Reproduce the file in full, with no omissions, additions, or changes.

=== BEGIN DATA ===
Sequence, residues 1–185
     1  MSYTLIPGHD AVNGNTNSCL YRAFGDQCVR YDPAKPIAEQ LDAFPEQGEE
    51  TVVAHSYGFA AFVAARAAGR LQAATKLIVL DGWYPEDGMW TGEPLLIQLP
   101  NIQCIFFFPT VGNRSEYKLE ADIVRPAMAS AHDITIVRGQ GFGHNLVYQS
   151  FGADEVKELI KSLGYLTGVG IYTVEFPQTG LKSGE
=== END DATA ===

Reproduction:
Sequence, residues 1–185
     1  MSYTLIPGHD AVNGNTNSCL YRAFGDQCVR YDPAKPIAEQ LDAFPEQGEE
    51  TVVAHSYGFA AFVAARAAGR LQAATKLIVL DGWYPEDGMW TGEPLLIQLP
   101  NIQCIFFFPT VGNRSEYKLE ADIVRPAMAS AHDITIVRGQ GFGHNLVYQS
   151  FGADEVKELI KSLGYLTGVG IYTVEFPQTG LKSGE